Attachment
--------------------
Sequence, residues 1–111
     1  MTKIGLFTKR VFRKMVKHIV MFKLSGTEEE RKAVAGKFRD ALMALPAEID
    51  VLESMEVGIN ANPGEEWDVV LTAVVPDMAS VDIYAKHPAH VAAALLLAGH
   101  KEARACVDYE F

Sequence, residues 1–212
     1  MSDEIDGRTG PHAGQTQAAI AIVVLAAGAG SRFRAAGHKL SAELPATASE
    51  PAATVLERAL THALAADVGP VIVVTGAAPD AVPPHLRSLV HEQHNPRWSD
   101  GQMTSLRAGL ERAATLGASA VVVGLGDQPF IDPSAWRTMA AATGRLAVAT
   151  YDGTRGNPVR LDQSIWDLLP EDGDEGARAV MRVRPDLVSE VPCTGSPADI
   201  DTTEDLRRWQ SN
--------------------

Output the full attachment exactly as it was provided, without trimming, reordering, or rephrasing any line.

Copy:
Sequence, residues 1–111
     1  MTKIGLFTKR VFRKMVKHIV MFKLSGTEEE RKAVAGKFRD ALMALPAEID
    51  VLESMEVGIN ANPGEEWDVV LTAVVPDMAS VDIYAKHPAH VAAALLLAGH
   101  KEARACVDYE F

Sequence, residues 1–212
     1  MSDEIDGRTG PHAGQTQAAI AIVVLAAGAG SRFRAAGHKL SAELPATASE
    51  PAATVLERAL THALAADVGP VIVVTGAAPD AVPPHLRSLV HEQHNPRWSD
   101  GQMTSLRAGL ERAATLGASA VVVGLGDQPF IDPSAWRTMA AATGRLAVAT
   151  YDGTRGNPVR LDQSIWDLLP EDGDEGARAV MRVRPDLVSE VPCTGSPADI
   201  DTTEDLRRWQ SN